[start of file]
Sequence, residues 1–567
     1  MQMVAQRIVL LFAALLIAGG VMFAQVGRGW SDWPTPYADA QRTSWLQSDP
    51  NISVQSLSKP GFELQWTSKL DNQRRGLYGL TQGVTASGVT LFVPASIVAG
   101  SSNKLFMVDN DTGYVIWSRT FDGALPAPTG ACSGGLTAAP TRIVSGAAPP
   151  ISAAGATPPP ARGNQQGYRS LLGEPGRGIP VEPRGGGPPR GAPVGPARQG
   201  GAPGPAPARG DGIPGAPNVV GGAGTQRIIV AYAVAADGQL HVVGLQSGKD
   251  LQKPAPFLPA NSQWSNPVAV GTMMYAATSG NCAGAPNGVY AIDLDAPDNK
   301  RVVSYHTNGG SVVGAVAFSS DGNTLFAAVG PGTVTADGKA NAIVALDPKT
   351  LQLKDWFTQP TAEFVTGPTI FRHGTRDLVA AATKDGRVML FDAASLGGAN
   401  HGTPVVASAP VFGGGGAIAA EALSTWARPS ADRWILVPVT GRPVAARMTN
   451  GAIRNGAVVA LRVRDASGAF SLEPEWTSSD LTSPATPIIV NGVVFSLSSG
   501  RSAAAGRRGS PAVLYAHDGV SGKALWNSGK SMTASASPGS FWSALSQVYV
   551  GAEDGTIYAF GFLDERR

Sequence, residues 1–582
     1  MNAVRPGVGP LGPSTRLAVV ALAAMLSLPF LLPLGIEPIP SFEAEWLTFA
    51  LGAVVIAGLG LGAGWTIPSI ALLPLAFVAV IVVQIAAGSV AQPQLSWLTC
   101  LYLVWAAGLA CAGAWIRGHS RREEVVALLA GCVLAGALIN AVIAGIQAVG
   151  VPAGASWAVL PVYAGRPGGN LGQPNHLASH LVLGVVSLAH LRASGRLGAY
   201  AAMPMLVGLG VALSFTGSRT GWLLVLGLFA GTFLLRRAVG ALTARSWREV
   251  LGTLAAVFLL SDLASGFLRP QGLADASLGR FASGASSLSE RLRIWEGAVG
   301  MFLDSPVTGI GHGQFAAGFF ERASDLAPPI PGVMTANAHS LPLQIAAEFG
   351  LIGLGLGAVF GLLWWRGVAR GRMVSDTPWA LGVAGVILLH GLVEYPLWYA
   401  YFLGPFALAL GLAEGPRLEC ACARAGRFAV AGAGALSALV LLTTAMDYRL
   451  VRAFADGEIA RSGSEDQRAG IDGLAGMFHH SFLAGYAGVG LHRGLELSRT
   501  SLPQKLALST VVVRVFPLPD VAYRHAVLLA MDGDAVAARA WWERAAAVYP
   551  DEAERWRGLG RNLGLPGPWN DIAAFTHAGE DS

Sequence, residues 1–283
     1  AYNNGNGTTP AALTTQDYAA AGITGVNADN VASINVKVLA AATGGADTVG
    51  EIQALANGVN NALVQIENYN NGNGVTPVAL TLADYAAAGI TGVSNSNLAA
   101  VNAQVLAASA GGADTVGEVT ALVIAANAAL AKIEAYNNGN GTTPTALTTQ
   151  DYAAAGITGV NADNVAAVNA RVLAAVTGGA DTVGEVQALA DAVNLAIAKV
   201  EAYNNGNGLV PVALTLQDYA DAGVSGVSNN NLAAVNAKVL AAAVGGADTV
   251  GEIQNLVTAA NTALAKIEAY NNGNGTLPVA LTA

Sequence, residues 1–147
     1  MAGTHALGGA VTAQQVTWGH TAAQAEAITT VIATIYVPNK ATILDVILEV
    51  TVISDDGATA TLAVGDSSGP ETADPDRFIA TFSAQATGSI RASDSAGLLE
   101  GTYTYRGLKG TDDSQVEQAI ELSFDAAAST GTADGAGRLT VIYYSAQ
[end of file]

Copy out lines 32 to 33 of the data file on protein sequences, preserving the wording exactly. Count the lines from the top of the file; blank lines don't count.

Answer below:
   201  EAYNNGNGLV PVALTLQDYA DAGVSGVSNN NLAAVNAKVL AAAVGGADTV
   251  GEIQNLVTAA NTALAKIEAY NNGNGTLPVA LTA